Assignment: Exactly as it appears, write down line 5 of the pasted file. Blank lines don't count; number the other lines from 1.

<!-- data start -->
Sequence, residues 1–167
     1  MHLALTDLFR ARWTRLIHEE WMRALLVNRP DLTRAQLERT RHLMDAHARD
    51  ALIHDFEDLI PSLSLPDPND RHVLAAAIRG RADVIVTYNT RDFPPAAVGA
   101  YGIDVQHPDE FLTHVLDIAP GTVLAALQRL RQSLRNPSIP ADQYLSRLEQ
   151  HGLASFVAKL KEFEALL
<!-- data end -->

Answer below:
   151  HGLASFVAKL KEFEALL